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Trying to Stem Foreclosures, Virginia Legislators Crack Down on Unethical Mortgage Brokers

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By Anita Kumar
Washington Post Staff Writer
Thursday, March 5, 2009

RICHMOND -- Sandra Berrios was at home, cooking dinner for her sons, when she received a call from a mortgage broker offering to refinance her four-bedroom townhouse in Lorton.

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She accepted after he promised her a lower interest rate on a 30-year fixed mortgage. It wasn't until months later that she realized she was paying only the interest on an adjustable-rate mortgage in monthly installments that did not include taxes or insurance. Berrios, 39, quickly fell behind on the bills, leaving her in danger of losing her home.

State legislators concerned about such behavior by mortgage brokers have approved regulations to crack down on the industry this year.

"A lot of people were getting in these foreclosures because they had dealt with unethical brokers who had steered them into high-risk loans," said Del. Jennifer L. McClellan (D-Richmond), who introduced one of the bills. "Most people who go to brokers trust that the lender is going to find a loan that is in their best interest."

Lawmakers trying to curb the state's escalating foreclosure rate passed several bills during the 45-day legislative session, which ended last week, to try to keep homeowners in their houses. It was one of the few issues that found widespread agreement this year in a divided General Assembly.

Some of the bills had been introduced in previous sessions but did not get much attention until the national housing crisis unfolded.

"It really took the national spotlight to get these bills passed," said Helen O'Beirne, director of the Center for Housing Leadership at Housing Opportunities Made Equal, a nonprofit agency in Richmond.

Foreclosure rates have spiked across the United States, fueled by a collapsing real estate market and risky lending schemes, such as subprime loans designed for people with blemished credit records or insufficient income to support the borrowing.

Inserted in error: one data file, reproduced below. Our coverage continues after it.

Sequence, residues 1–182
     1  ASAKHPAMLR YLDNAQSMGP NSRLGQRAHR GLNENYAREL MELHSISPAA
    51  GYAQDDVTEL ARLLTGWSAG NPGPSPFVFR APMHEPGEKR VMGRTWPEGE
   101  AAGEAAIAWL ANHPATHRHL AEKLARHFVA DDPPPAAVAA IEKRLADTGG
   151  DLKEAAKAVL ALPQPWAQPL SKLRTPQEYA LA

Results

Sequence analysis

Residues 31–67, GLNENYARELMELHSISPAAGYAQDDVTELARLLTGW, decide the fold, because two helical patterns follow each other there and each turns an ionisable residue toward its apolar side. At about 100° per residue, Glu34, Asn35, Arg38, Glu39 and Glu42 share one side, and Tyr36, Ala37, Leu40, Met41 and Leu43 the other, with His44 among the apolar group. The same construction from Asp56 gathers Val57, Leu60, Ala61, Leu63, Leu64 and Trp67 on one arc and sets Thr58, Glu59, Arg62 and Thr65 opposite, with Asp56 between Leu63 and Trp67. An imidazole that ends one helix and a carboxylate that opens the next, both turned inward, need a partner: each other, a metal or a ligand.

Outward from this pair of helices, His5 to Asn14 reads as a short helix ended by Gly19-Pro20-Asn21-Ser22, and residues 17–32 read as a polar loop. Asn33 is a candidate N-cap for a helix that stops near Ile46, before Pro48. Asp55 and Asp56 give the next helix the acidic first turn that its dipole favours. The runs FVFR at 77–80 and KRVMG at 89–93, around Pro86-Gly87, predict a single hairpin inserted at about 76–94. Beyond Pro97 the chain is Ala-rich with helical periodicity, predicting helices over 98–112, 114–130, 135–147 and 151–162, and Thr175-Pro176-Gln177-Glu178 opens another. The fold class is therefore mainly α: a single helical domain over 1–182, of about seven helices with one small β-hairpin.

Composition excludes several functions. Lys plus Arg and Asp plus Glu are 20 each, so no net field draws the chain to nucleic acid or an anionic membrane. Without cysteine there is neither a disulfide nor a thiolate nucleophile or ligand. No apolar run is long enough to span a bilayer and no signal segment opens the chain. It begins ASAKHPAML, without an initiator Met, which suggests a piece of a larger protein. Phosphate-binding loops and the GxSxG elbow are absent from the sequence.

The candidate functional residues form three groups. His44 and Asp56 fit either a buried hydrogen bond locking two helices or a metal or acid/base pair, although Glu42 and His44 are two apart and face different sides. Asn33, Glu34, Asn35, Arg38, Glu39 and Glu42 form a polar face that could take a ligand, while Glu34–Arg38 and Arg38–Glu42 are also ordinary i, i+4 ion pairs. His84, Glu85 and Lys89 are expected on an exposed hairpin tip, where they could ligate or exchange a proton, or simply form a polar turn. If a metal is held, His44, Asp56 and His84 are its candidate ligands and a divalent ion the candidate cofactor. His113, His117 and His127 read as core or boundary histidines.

Gov. Timothy M. Kaine (D) formed a task force to address the unprecedented number of foreclosures in Virginia. On Wednesday, President Obama released guidelines for a national foreclosure prevention program.

Maryland lawmakers passed a sweeping package of changes last year to help struggling homeowners and also overhauled state regulation of the mortgage-lending industry. The timetable for foreclosures was extended from 15 to 150 days, and many mortgage schemes are now subject to criminal prosecution. Additionally, prepayment penalties and other transactions in which homeowners were tricked into signing over their homes to third parties were made illegal.

In Virginia, the foreclosure rate has steadily increased. As of Sept. 30, a record 21,000 homes in the state were in foreclosure, about 11,000 involving subprime loans.

Lawmakers introduced some of this year's bills to comply with federal legislation designed to curb abusive lending practices. Others pushed by former state attorney general Robert F. McDonnell, the Republican nominee for governor, authorize the state to investigate lender fraud, make violations punishable by a $2,500 fine, mandate that companies claiming to help homeowners collect fees only after completing their work and add mortgage lenders to those regulated by the Virginia Consumer Protection Act.


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